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Re: why are we not using const?


"Dave Korn" <dave.korn@artimi.com> writes:

| On 29 June 2006 14:44, Richard Guenther wrote:
| 
| > But with C language constructs you cannot assume that an object
| > passed to a function via a const pointer is not modified.  So, there
| > is no real "const" regarding to objects pointed to.  Consider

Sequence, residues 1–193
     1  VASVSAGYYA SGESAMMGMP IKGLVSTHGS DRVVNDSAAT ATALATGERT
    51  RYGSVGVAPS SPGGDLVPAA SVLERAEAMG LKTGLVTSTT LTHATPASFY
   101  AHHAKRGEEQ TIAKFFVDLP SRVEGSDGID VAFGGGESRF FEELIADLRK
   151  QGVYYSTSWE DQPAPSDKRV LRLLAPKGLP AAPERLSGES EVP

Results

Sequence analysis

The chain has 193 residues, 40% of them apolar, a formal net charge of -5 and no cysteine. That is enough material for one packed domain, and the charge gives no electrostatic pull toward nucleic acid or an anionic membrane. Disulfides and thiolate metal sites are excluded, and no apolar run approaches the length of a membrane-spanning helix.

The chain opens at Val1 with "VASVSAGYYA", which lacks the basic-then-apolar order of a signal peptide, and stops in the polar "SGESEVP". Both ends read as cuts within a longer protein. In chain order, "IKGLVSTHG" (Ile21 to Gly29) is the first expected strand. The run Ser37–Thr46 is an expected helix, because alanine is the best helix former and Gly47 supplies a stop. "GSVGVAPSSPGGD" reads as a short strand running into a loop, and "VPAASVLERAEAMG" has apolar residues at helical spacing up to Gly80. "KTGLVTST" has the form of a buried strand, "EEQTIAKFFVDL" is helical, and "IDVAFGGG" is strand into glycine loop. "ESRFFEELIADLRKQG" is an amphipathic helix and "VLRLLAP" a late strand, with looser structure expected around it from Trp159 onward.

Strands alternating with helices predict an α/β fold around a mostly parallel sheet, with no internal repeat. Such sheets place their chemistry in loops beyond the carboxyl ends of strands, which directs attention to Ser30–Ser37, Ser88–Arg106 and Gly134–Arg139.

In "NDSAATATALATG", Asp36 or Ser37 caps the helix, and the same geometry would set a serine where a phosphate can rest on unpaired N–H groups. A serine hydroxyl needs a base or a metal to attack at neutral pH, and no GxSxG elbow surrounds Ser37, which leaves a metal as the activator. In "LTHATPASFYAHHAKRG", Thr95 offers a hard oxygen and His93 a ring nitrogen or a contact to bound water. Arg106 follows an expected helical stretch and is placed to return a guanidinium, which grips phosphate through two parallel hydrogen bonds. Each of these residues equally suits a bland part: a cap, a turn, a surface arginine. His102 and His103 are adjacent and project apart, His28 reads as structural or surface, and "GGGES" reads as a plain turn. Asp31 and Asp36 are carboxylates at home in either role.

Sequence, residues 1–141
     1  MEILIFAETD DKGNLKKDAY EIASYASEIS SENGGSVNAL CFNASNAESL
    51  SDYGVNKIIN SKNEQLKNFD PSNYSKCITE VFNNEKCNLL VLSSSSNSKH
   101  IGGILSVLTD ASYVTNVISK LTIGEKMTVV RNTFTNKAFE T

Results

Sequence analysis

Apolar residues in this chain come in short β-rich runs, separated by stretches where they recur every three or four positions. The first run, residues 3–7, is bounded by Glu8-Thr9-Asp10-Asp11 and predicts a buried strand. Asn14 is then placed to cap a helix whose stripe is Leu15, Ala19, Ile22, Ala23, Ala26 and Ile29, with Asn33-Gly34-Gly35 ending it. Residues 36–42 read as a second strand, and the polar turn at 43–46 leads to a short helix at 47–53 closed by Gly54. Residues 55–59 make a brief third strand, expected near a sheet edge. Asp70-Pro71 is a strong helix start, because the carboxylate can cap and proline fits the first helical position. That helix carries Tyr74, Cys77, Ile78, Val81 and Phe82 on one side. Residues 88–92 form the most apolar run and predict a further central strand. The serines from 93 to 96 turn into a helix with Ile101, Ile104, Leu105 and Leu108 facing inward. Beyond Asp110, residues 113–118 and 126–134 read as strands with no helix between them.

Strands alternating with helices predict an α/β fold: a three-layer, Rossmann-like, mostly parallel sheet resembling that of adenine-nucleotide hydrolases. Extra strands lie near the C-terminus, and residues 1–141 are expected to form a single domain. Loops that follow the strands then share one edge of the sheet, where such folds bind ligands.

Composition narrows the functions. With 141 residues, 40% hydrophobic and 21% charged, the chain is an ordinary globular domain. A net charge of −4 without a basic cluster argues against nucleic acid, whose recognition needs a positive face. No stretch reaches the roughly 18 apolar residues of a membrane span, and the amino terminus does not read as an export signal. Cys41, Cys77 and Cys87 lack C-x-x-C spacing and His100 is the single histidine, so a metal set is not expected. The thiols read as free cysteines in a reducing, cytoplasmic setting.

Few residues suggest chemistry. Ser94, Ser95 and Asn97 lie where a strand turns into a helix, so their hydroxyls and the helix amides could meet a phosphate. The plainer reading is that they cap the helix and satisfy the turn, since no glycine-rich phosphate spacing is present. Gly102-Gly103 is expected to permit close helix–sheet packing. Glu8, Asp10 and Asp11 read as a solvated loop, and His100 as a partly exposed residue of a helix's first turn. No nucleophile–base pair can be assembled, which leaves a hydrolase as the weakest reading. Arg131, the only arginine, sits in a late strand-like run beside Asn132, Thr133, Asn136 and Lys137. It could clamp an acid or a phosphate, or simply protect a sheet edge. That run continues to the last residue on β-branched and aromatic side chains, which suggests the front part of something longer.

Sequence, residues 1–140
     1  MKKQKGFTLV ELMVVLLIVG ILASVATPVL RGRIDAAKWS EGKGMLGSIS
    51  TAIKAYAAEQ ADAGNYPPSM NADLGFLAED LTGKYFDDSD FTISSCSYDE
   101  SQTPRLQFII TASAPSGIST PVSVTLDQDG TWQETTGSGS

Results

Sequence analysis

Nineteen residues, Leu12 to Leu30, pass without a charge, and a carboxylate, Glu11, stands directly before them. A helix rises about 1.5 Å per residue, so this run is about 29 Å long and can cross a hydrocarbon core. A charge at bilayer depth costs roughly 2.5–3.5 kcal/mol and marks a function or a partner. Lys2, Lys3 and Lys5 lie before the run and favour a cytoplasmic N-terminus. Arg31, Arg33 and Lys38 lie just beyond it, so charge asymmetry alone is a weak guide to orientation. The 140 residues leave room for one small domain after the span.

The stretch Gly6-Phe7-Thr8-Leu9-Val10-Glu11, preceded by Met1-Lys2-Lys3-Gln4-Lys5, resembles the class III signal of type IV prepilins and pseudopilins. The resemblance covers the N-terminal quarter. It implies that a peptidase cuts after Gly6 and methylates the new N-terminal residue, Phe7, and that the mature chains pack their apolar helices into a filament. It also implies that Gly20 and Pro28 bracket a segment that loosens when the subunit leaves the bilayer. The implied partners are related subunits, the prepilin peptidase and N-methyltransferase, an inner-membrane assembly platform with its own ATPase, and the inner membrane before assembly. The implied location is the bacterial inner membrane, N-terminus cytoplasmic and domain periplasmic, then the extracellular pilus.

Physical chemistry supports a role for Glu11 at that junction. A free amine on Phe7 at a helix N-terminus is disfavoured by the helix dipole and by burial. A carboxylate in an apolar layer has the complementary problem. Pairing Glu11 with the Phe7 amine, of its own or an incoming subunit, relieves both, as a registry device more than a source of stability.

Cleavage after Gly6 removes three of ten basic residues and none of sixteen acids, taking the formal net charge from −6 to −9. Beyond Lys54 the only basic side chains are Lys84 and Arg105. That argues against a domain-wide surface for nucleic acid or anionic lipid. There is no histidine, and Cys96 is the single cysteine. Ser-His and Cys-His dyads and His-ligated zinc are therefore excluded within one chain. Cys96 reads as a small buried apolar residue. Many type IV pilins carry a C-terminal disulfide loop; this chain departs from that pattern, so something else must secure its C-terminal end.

| > 
| > void foo(const int *i)
| > {
| >   int *k = (int *)i;
| >   *k = 0;
| > }
| > int bar(void)
| > {
| >   int i = 1;
| >   foo(&i);
| >   return i;
| > }
| > 
| > should return 0, not 1.
| 
|    That's cheating!  You casted away const, it's a blatant aliasing violation,
| you deserve everything you get.  The compiler is specifically *allowed* to
| assume you don't pull stunts like this *in order to* make const-optimisation
| possible and useful.

Not from the C language point of view.

-- Gaby


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